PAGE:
In some countries, secondary schools aim to provide a general education across a range of subjects. In others, children focus on a narrow range of subjects related to a particular career. For today’s world, which system is appropriate?
It is a highly debated issue whether students should study many subjects or only a few subjects. Both systems have their own merits. The answer depends on the students’ interests and the goals of their studies and the country’s requirement.
There are many advantages of a broad range of subjects. To begin with, a broad range of subjects would provide a well-rounded education which is very important for the holistic development of the students. In addition, students could find out what their real interests are as they would be exposed to a variety of fields of study. Just after passing out of high school students really don’t know what they would be good at. So, if they have to make decisions at that time, they would be guided by their peers or parents. If they make a wrong decision at that time then they may drop out of school or end up with low grades.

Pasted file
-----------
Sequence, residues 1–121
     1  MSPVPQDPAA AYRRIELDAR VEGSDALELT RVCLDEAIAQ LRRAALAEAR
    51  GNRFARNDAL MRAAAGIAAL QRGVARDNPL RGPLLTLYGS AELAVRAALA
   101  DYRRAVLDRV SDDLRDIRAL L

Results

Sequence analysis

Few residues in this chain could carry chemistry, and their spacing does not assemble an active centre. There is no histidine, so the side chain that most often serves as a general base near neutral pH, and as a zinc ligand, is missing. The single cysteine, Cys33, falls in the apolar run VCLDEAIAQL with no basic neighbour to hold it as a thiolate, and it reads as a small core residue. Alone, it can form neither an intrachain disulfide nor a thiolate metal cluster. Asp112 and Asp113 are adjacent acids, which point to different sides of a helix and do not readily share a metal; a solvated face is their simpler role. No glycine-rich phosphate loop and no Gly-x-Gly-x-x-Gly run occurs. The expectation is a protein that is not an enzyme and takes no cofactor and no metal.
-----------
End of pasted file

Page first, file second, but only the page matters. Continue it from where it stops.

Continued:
Moreover, it is ideal for those students who have many interests. They will pursue education for education sake and not just learn a trade. Consequently, when they try to find out job after graduation, their versatility will allow them to apply for a wider range of jobs.
On the other hand, there are many advantages of studying a narrow range of subjects. Such courses are basically vocational in nature. Such students find it easy to find a job in their specific field of study. Naturally, companies will be more interested in job applicants who have superior knowledge and so can make better contributions. What is more, these students enter the job market earlier and start earning. This helps them to support their families. This also allows students to focus on their interest and the subject relevant to them. A physics or chemistry student may feel out of place if he has to study ancient poetry or western literature. Finally, such students have lesser burden and so more time for hobbies.
To put it in a nutshell, I pen down saying that, both systems have their own merits. So it depends on students’ choice and needs of the country. One size fits all approach cannot be applied to today’s world.